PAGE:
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TIPS for

Mountain Biking with your kids. Start on a balance bike. Teaching children to ride, whether on dirt or the pavement, is easier with a balance bike. Without pedals or cranks, kids as young as two can learn to balance on two wheels, and it makes the transition to pedal bikes much faster. Choose the right kids’ bike. Your kid doesn’t have to have a fancy, fullsuspension bike to start riding (though there are more and more high-performance kid’s bikes on the market). Look for something that’s as lightweight as possible, and has a good set of hand brakes. Gear shifters on kids’ bikes are often cheap and tough for their hands to manipulate, so a single speed bike is fine. If you’re looking to upgrade – wider, knobby tires can give them more confidence on the trails. Then let out some air, 10-15 PSI of pressure is plenty for most kids.

They ride, you run. As your child is just learning to ride off road, they can often be intimidated by steep hills or rocks. Building confidence is the key to helping your child to find a love for any sport. It can really help to spot your child by running behind them and giving them a push when they need it. We learned quickly to just think of our kids’ rides as a trail run for us. Gummy Bears Snacks and candy are a great motivator for kids on a bike ride. We always carry a stash in our jersey pockets. Take breaks Instead of trying to tackle a bunch of mileage on rides with your kids, make it a fun adventure. Stop lots and give your kids a chance to run around and explore off the bike.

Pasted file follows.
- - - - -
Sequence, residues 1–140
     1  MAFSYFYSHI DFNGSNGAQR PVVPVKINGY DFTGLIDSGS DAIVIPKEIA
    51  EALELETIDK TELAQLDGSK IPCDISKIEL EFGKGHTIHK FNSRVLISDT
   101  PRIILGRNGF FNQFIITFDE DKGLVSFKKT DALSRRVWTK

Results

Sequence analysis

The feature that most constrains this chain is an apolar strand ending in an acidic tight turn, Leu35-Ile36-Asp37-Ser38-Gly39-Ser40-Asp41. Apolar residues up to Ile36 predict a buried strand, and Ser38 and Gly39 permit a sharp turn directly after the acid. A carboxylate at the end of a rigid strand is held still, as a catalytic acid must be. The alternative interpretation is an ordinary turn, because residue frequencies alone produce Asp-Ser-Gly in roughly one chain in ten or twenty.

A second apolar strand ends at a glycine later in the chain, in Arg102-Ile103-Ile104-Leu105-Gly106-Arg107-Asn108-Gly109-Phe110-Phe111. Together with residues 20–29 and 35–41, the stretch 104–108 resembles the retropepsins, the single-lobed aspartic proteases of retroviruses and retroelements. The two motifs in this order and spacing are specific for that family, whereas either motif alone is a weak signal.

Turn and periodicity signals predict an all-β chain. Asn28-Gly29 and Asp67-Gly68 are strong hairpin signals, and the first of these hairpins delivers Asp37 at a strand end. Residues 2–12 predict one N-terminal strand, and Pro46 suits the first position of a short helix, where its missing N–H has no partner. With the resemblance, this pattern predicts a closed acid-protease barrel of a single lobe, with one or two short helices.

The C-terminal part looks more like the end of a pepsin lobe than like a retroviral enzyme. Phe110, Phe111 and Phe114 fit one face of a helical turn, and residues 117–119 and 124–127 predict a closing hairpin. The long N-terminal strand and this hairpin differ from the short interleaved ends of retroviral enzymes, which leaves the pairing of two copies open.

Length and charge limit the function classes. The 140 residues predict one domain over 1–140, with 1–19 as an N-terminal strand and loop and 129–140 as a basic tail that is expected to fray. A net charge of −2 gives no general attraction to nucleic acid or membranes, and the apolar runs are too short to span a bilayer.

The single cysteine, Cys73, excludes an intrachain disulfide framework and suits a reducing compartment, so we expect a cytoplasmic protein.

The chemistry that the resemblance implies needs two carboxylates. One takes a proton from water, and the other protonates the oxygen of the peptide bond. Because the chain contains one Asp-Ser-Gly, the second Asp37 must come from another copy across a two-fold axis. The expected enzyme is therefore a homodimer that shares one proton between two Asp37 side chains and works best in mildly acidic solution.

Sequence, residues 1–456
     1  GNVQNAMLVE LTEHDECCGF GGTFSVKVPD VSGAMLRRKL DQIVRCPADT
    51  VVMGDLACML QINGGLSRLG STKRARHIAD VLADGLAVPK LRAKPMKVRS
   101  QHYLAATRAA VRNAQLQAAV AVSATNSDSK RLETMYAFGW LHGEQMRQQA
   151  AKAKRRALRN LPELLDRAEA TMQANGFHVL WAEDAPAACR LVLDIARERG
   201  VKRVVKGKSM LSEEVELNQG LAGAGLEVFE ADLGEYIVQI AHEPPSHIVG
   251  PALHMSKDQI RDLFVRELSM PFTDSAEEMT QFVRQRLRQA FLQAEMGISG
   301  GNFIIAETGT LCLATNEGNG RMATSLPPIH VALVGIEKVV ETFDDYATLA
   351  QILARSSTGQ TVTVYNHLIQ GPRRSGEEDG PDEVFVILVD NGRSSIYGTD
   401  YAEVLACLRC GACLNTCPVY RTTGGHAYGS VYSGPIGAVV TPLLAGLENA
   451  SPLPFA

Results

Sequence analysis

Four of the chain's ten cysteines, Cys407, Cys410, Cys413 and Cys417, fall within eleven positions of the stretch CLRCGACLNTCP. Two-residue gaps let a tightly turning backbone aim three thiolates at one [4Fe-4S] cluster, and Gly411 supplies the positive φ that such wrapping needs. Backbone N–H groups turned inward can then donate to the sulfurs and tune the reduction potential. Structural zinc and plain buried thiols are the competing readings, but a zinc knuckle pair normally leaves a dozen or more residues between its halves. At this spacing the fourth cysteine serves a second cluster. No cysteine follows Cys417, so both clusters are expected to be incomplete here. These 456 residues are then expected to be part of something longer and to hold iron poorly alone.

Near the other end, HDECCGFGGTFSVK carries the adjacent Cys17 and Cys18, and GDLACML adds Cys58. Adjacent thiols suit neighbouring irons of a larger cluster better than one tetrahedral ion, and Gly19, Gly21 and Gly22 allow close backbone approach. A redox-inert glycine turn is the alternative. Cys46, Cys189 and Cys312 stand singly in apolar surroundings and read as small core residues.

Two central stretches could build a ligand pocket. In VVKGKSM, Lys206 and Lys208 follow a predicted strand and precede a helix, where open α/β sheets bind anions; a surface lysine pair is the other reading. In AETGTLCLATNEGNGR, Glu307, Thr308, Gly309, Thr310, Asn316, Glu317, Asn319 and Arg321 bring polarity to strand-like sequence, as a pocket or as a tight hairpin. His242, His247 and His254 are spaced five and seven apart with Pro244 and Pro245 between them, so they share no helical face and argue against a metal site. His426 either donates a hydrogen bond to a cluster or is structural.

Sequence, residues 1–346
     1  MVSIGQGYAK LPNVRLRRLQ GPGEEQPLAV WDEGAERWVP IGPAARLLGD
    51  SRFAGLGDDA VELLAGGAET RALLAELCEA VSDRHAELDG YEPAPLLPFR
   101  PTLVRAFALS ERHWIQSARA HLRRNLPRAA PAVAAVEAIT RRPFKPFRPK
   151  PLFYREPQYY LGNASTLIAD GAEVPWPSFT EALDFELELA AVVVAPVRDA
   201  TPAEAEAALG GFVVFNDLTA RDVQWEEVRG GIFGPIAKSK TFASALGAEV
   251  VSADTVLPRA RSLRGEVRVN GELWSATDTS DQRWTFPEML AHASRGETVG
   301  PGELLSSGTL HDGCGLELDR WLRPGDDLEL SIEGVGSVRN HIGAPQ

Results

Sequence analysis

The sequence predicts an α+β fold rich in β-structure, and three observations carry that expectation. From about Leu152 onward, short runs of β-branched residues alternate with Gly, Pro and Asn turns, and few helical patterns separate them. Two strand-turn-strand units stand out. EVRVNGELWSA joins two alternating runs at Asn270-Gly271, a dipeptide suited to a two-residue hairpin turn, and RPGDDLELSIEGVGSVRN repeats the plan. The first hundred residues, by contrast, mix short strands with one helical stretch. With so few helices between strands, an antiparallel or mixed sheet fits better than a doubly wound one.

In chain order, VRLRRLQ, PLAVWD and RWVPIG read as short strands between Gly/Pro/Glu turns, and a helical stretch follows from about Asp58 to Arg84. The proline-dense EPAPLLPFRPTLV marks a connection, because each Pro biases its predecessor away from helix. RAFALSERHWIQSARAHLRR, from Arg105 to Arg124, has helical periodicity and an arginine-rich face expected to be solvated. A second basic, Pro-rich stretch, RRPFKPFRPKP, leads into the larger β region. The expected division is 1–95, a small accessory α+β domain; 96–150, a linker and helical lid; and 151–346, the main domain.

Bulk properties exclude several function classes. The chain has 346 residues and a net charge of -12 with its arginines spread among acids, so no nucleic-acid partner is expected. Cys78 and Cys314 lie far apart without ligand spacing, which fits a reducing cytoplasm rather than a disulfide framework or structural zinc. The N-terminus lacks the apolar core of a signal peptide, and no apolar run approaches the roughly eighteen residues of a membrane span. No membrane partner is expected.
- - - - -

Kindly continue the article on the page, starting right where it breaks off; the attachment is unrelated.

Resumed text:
Offer a tow A couple of years ago we discovered the Tow-Whee. It’s a bungee cord wrapped by tubular webbing. It fits over your saddle and quickly attaches to your kid’s bike stem. It’s been a game changer for our family rides, allowing us to ride together further and faster. Consider running shuttle Most kids don’t appreciate the benefits and satisfaction of a good, lung burning climb on a bike. Running a car shuttle can take extra coordination and hassle, but it also maximizes the fun factor. Often, I’ll drop my wife and the kids at the top of a ride, then drive to the end and ride up to meet them halfway.

PHOTOS

(Previous page) The author and his family on top of Rustler’s Loop in Loma, CO. (Above) Using the Tow-Whee to climb up Prince Creek. Credit: Ian Anderson.

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Photos courtesy of Paul DeBerjeois.

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MOUNTAIN PARENT MAGAZINE: APRIL MAY 2019